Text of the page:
WORKER STORIES | WHAT WE HEARD
KEEPING IT POSITIVE
All but three of the workers we spoke to talked about great co-workers and a good working relationship with their bosses. Some were willing to trade off earning more because they valued the positive and supportive work environment.
“It’s a family. Everybody knows everybody else. I think it makes it a stronger business.”
While not obvious from his appearance, 53-year-old Rod has terminal cancer. He is certainly not seeking to be his own boss anymore (after owning a remodeling company for years in Massachusetts). Rather, he wants a job that provides a secure income and a supportive work environment and that keeps him busy while he is in stable health. Rod thinks he has found what he is looking for working with a Denver company that manages traffic around road construction.
The company owners know his condition, and they gave him time off when he had a health scare a couple of months ago. Since Rod is experienced, mature, and reliable, his bosses often give him priority to work additional hours as projects arise. Rod values that the owners are “good people” who give those who need it a second chance. The company works with a local halfway house for men recently released from prison and needing steady work. He says he has seen his boss pay for work boots out of her own pocket just to get someone started in a job.
"Meaning and purpose, positive engagement and involvement, and work friendships contribute to the quality of work life."
James is a 31-year-old receptionist and administrative support person for an acupuncture business in Lower Manhattan. Although he recognizes he does not make “a ton of money,” he really enjoys being part of what he coins his “acu-family.” A previous position in a different state was “very toxic,” so the positive work environment in his present position is valuable for his mental health and motivation for work. His current job has also given him the confidence and knowledge to start thinking about his next move as a tattoo artist, and potentially becoming a business owner himself someday.
“...It would always be nice to have more money, but in the service industry I know what I’m getting into, and working at a place that I enjoy is definitely worth it. It’s nice to come to work with bosses that you like and respect and consider friends.”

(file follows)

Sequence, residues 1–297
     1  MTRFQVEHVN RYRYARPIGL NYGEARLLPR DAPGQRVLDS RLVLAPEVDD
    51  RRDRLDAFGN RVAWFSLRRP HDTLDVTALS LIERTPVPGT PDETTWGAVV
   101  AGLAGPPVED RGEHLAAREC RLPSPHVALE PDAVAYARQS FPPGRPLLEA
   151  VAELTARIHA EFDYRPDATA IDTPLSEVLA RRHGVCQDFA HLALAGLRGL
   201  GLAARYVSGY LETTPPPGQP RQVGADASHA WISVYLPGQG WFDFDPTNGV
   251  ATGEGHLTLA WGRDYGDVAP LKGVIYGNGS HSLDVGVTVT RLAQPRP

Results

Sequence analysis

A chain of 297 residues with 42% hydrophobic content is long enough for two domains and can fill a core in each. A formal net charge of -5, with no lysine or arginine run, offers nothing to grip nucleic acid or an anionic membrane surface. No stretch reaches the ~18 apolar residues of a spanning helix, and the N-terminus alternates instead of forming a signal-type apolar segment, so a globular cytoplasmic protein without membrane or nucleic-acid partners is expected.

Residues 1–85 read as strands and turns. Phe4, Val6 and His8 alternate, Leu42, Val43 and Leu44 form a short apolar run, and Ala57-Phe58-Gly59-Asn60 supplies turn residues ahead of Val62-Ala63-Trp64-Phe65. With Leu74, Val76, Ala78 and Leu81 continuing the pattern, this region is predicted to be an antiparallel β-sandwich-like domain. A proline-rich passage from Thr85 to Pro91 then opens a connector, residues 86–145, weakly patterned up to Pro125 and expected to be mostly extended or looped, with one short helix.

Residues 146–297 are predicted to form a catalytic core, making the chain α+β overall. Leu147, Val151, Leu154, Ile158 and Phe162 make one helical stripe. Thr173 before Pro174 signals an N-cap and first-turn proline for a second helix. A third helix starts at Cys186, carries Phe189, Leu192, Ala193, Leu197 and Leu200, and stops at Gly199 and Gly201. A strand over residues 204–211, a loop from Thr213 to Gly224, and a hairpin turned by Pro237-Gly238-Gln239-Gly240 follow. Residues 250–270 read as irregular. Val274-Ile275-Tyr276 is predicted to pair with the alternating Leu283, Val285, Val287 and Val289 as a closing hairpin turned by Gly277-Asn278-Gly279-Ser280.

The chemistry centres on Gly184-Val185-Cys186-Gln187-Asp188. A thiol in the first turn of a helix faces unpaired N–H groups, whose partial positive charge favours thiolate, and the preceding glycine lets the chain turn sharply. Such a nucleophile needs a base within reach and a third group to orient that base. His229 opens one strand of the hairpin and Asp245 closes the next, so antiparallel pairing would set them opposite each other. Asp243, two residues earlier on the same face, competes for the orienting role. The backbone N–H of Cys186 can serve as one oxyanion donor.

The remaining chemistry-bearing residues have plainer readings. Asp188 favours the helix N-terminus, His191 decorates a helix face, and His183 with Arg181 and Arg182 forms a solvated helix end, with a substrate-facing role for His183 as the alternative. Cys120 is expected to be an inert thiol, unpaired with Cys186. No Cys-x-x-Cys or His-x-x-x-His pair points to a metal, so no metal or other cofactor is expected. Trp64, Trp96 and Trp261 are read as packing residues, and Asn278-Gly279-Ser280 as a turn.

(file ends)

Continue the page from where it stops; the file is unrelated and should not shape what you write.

Caleb, a 25-year-old bartender and cheesemonger at a local retail and spirits shop, chose his current job not because of the pay, but because he values being part of a small, local community. Originally from New Orleans, he sought out a piece of the city that appreciated and supported local businesses and a workplace with bosses whom he could respect. He noted that he could have worked as a freelance writer for a publication while pursuing graduate work in writing, but his job is more flexible and less stressful and allows him to engage with locals.
One-third of workers cite their work environment and co-workers as the best part of their job.
Valeria, an immigrant from the Dominican Republic, has been in the United States for more than 20 years, working in beauty salons since the third day after her arrival in New York City. She left her last position due to an unsupportive boss and has been at her current salon in Harlem for more than 12 years. She describes her two co-workers and boss as a tight-knit family in the best sense — giving each other praise and working collaboratively. She also described the difficulties faced by the salon in recent years, as the economy slowed and as clients cut back their visits to the salon. Despite some very slow weeks, she works on a fixed salary, and until now, her boss has made every effort not to cut back her pay. According to Valeria, the attitude is that they are “on this boat together.”
“95% of workers said their opinions and suggestions were valued by the business.”